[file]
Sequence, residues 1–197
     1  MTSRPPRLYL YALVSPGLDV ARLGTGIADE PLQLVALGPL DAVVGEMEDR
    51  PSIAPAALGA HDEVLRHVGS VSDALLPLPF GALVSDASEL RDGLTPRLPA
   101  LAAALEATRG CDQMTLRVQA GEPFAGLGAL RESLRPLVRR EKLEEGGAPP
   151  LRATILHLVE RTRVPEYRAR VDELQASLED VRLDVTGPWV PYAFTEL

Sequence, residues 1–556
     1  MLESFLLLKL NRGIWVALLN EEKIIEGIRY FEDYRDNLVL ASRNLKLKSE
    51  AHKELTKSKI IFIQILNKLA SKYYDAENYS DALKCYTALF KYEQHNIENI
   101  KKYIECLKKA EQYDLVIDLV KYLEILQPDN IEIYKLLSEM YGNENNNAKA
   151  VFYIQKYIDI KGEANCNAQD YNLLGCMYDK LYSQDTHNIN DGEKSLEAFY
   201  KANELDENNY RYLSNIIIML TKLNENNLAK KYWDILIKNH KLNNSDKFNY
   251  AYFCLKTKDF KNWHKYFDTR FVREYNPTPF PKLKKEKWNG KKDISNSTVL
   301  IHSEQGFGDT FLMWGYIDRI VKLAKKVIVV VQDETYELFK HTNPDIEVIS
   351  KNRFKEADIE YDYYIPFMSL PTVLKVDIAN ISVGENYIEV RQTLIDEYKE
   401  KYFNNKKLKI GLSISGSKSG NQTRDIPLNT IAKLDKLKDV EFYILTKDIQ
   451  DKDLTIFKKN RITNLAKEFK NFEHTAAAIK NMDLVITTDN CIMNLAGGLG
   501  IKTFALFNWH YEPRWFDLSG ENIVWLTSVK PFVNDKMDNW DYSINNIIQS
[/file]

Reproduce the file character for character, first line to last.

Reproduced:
Sequence, residues 1–197
     1  MTSRPPRLYL YALVSPGLDV ARLGTGIADE PLQLVALGPL DAVVGEMEDR
    51  PSIAPAALGA HDEVLRHVGS VSDALLPLPF GALVSDASEL RDGLTPRLPA
   101  LAAALEATRG CDQMTLRVQA GEPFAGLGAL RESLRPLVRR EKLEEGGAPP
   151  LRATILHLVE RTRVPEYRAR VDELQASLED VRLDVTGPWV PYAFTEL

Sequence, residues 1–556
     1  MLESFLLLKL NRGIWVALLN EEKIIEGIRY FEDYRDNLVL ASRNLKLKSE
    51  AHKELTKSKI IFIQILNKLA SKYYDAENYS DALKCYTALF KYEQHNIENI
   101  KKYIECLKKA EQYDLVIDLV KYLEILQPDN IEIYKLLSEM YGNENNNAKA
   151  VFYIQKYIDI KGEANCNAQD YNLLGCMYDK LYSQDTHNIN DGEKSLEAFY
   201  KANELDENNY RYLSNIIIML TKLNENNLAK KYWDILIKNH KLNNSDKFNY
   251  AYFCLKTKDF KNWHKYFDTR FVREYNPTPF PKLKKEKWNG KKDISNSTVL
   301  IHSEQGFGDT FLMWGYIDRI VKLAKKVIVV VQDETYELFK HTNPDIEVIS
   351  KNRFKEADIE YDYYIPFMSL PTVLKVDIAN ISVGENYIEV RQTLIDEYKE
   401  KYFNNKKLKI GLSISGSKSG NQTRDIPLNT IAKLDKLKDV EFYILTKDIQ
   451  DKDLTIFKKN RITNLAKEFK NFEHTAAAIK NMDLVITTDN CIMNLAGGLG
   501  IKTFALFNWH YEPRWFDLSG ENIVWLTSVK PFVNDKMDNW DYSINNIIQS